WASHINGTON — Sales of existing homes ticked down in December from the month before, while the total for 2012 hit the highest level in five years, according to data released Tuesday by the National Association of Realtors.
The pace of sales fell 1 percent in December to a seasonally adjusted annual rate of 4.94 million, according to NAR. For all of 2012, existing-home sales hit 4.65 million, the highest level since 2007 and up 9.2 percent from 2011.
“Record-low mortgage interest rates clearly are helping many homebuyers, but tight inventory and restrictive mortgage underwriting standards are limiting sales,” said Lawrence Yun, the NAR’s chief economist.
The rate in November was revised to 4.99 million from an earlier estimate of 5.04 million, which was the highest rate since November 2009.
Buyers’ concerns about the “fiscal cliff” may be at least partially behind December’s sales decline, wrote Millan Mulraine, macro strategist at TD Securities, in a research note.
By region, it was a mixed bag. December’s existing-home sales fell by 5.9 percent in the Midwest and by 3 percent in the South, compared with the prior month; sales rose by 5.1 percent in the West and by 3.2 percent in the Northeast.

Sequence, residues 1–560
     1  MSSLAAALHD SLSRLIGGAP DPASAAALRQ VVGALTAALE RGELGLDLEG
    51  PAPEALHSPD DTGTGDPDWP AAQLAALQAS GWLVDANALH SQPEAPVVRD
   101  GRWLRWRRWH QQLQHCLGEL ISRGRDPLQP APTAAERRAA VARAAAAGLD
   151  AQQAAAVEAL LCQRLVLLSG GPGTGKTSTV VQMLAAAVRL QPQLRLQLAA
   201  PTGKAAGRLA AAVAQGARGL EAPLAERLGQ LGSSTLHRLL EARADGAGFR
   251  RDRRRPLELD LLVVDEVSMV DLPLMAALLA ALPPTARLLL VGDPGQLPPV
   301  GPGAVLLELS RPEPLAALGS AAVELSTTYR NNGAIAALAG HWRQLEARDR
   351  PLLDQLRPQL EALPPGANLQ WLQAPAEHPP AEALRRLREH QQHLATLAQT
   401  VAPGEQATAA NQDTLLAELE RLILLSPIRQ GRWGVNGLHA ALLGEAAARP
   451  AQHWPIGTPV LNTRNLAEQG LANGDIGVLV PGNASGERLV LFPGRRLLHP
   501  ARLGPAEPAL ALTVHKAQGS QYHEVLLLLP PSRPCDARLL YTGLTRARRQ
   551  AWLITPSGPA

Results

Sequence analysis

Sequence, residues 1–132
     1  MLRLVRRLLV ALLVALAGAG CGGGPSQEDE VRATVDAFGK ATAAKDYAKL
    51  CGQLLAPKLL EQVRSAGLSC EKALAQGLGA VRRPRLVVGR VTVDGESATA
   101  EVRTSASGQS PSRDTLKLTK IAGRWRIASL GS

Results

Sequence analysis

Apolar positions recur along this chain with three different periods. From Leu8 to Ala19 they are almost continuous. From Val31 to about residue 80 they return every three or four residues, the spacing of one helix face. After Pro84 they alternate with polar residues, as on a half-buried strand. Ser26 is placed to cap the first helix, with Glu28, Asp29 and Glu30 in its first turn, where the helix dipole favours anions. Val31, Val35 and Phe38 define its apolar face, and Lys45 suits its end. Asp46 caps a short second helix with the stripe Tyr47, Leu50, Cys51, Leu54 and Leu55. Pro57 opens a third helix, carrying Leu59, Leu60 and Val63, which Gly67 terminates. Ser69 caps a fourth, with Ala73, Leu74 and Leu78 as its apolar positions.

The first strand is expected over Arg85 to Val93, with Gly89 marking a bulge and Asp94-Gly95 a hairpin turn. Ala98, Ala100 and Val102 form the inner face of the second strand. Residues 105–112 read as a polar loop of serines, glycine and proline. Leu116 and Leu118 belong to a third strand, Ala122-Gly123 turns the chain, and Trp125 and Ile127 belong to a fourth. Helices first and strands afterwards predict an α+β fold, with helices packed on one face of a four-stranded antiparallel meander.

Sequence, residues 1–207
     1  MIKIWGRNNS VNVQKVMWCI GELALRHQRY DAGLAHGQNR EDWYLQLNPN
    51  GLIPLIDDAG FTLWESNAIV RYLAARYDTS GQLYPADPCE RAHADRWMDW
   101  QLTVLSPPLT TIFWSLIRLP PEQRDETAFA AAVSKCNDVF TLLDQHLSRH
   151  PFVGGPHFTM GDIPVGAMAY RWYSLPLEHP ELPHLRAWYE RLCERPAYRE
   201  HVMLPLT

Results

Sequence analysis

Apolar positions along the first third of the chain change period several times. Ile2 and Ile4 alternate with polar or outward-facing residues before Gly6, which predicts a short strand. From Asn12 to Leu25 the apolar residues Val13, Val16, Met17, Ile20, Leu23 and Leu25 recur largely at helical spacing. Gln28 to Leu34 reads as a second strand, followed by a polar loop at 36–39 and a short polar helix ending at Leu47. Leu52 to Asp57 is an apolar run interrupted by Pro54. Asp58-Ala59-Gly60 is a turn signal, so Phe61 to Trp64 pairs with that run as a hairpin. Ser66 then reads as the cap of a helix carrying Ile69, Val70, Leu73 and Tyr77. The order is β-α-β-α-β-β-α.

Sales in each of the four regions were up from same period in the prior year.
Despite the decline in December, existing-home sales are up 12.8 percent from the same period in the prior year. The median existing-home price rose 11.5 percent from the prior year to $180,800.
Inventories fell 8.5 percent to 1.82 million units in December, representing at the current sales rate a 4.4-month supply, the lowest supply ratio since 2005. It’s typical for inventories to decline in winter. But Yun warned that persistently low inventory could lead to too much price growth in 2013.
“We don’t want to see a rapid appreciation in prices,” he said.